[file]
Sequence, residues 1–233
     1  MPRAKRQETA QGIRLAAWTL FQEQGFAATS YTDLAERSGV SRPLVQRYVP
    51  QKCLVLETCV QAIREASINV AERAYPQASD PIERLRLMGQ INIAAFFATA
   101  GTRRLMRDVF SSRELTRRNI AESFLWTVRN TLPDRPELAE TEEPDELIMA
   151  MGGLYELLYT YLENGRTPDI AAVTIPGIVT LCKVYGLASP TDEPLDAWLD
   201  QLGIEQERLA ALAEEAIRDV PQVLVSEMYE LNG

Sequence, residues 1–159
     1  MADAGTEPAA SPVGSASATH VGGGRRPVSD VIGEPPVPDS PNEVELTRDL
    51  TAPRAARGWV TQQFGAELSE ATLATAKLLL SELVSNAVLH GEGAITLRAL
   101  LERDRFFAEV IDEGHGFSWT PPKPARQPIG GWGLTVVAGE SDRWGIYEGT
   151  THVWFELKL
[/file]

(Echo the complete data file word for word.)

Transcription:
Sequence, residues 1–233
     1  MPRAKRQETA QGIRLAAWTL FQEQGFAATS YTDLAERSGV SRPLVQRYVP
    51  QKCLVLETCV QAIREASINV AERAYPQASD PIERLRLMGQ INIAAFFATA
   101  GTRRLMRDVF SSRELTRRNI AESFLWTVRN TLPDRPELAE TEEPDELIMA
   151  MGGLYELLYT YLENGRTPDI AAVTIPGIVT LCKVYGLASP TDEPLDAWLD
   201  QLGIEQERLA ALAEEAIRDV PQVLVSEMYE LNG

Sequence, residues 1–159
     1  MADAGTEPAA SPVGSASATH VGGGRRPVSD VIGEPPVPDS PNEVELTRDL
    51  TAPRAARGWV TQQFGAELSE ATLATAKLLL SELVSNAVLH GEGAITLRAL
   101  LERDRFFAEV IDEGHGFSWT PPKPARQPIG GWGLTVVAGE SDRWGIYEGT
   151  THVWFELKL